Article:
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Pete's Dragon - Cinemaholic Movie Reviews
one person's obsessive addiction to film
Pete's Dragon
Directing: B+
Acting: B+
Writing: B
Cinematography: B+
Editing: B+
Special Effects: B

Some of us spent our childhoods watching the 1977 version of Pete's Dragon incessantly. That doesn't make it a great movie. Sure, it was a fun musical with some catchy tunes. What makes this new version of Pete's Dragon so lovely is how it keeps the themes intact while offering a totally different version of the story. This one isn't a musical, but the case could be made that, unlike most remakes, it actually is an improvement on the original.

The story, as presented, is almost shockingly simple and straightforward. Elliot, the dragon, is seen very early on, and is even revealed to the entire town in which the characters live surprisingly early on in the film. I rather expected the story to focus more on key characters not believing Elliot exists, but instead it has more to do with a guy (played by Karl Urban, most famous as the new Dr. "Bones" McCoy in the Star Trek reboot films) obsessed with capturing Elliot and claiming him as his own.

That guy's name is Gavin, brother of Jack (Wes Bentley), fiancée of Grace (Bryce Dallas Howard), daughter of Meacham (Robert Redford), who we hear telling stories of dragons to children at the beginning of the film. Grace is the forest ranger who finds Pete (Oakes Fegley, fantastic), the orphaned boy who everyone acknowledges could never have survived six years in the forest alone.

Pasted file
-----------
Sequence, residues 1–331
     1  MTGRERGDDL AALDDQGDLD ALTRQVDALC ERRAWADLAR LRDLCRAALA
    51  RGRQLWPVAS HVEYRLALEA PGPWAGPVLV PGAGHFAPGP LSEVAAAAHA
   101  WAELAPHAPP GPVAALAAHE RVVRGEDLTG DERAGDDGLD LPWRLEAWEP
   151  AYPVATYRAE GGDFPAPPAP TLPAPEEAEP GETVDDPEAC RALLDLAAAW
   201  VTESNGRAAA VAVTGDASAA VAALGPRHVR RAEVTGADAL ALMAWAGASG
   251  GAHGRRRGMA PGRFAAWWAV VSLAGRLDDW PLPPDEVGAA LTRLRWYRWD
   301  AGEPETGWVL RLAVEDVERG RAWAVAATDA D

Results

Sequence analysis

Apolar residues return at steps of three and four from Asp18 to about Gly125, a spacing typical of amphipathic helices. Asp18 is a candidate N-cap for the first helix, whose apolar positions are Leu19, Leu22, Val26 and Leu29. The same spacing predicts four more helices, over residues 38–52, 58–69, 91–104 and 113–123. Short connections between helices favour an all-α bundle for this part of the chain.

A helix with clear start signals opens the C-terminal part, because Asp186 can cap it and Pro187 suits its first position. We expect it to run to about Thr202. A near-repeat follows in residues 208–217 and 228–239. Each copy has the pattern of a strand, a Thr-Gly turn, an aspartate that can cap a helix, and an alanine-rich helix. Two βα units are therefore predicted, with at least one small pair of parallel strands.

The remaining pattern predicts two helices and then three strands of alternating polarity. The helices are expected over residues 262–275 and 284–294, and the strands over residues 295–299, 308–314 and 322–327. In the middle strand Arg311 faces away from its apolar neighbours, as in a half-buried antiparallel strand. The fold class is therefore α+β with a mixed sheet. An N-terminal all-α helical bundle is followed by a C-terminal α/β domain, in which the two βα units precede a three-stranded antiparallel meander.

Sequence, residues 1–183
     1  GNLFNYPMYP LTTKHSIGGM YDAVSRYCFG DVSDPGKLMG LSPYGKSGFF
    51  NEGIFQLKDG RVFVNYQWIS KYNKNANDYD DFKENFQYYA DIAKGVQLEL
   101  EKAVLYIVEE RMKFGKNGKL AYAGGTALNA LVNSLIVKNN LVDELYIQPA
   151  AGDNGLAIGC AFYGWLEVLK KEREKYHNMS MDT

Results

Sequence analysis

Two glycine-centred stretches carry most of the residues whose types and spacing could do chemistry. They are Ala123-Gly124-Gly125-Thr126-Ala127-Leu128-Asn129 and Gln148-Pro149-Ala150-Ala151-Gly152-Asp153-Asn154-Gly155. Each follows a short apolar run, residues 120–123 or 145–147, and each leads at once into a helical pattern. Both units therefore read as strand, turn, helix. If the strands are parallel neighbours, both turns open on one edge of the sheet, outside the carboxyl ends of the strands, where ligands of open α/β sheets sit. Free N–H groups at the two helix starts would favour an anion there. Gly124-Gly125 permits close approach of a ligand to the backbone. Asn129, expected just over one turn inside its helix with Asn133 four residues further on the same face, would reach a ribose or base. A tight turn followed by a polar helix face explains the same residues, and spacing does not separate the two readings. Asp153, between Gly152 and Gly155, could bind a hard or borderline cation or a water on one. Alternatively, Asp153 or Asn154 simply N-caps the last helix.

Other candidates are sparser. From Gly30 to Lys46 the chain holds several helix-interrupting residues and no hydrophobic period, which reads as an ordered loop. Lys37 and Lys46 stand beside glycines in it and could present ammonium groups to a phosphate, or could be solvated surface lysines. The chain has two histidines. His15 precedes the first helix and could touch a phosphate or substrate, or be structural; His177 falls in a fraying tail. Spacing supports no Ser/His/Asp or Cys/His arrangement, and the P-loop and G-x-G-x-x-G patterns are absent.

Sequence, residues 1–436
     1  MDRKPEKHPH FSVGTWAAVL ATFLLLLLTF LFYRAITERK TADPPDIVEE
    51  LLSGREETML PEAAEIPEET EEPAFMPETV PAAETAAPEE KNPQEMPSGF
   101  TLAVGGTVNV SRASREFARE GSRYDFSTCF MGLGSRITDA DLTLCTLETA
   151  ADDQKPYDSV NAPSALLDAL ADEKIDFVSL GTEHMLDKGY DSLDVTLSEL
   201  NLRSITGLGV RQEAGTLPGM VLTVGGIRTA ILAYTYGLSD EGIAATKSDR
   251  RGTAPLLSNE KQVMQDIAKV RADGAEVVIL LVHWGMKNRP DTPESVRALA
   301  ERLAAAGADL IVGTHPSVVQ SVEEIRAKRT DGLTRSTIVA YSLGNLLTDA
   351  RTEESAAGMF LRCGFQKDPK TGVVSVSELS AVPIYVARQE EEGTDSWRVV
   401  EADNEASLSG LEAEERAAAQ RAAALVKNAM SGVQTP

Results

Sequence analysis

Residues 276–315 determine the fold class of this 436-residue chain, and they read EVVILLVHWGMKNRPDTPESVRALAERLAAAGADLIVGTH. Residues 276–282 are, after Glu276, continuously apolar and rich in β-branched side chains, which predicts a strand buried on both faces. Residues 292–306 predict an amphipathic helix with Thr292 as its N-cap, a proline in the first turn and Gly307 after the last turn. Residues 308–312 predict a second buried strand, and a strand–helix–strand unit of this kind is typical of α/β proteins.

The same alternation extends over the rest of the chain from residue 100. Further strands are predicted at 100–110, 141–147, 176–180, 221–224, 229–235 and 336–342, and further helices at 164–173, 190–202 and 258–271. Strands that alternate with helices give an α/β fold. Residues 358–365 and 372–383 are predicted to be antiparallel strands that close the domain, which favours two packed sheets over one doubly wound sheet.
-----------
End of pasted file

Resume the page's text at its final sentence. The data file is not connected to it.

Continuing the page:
This is the kind of movie that takes it on faith that you'll move quickly into suspension of disbelief: the title character is literally a magical creature who can disappear at will. I'm a little mystified that he's rendered as furry -- a mammal? -- in this version; dragons are usually a little more, say, reptilian. Maybe the logic here is that his kind is found in the woods. Indeed, there are similarities here to Harry and the Hendersons, just more family-friendly and with a dragon instead of a Sasquatch. It's somewhat noteworthy that this movie is rated PG -- and barely at that; the 1977 version may have been rated G but this one merely has one climactic sequence that incorporates a bit of action involving a car chase onto a bridge.

One of the most refreshing things about this film is how, unlike most movies these days -- even family movies -- it doesn't try too hard to be "sophisticated," in an attempt to compete with modern movie-making conventions. The story here is simple, unfolds at a pace that is never rushed, and focuses far more on the characters than on wowing viewers.

They certainly don't try too hard on the rendering of Elliot, who, while seamlessly integrated into the live-action footage around him, represents merely adequate CGI effects at best. But personality makes up for a lot, and Elliot has that in spades; in fact he's adorable. Elliot behaves like an actual animal, most often reminiscent of a dog, but one with a bit more intelligence. He doesn't talk (mercifully), but sort of moans, growls and whines in ways that reveal his feelings and in some cases intentions.

Fundamentally, Pete's Dragon just offers a sweet, simple story about an orphaned kid who finds a family -- he just also happens to have a furry green dragon as a best friend. It has a magical effect that is difficult to resist. This is the rare movie that works for both adults and kids on the same level -- there's nothing for parents to catch, for example, that would go over kids' heads; no sly references or sneaky humor. It just is what it is, and it works. It has a timeless quality that will help it work just as well for many years to come, for audiences of all ages.

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Overall: B+
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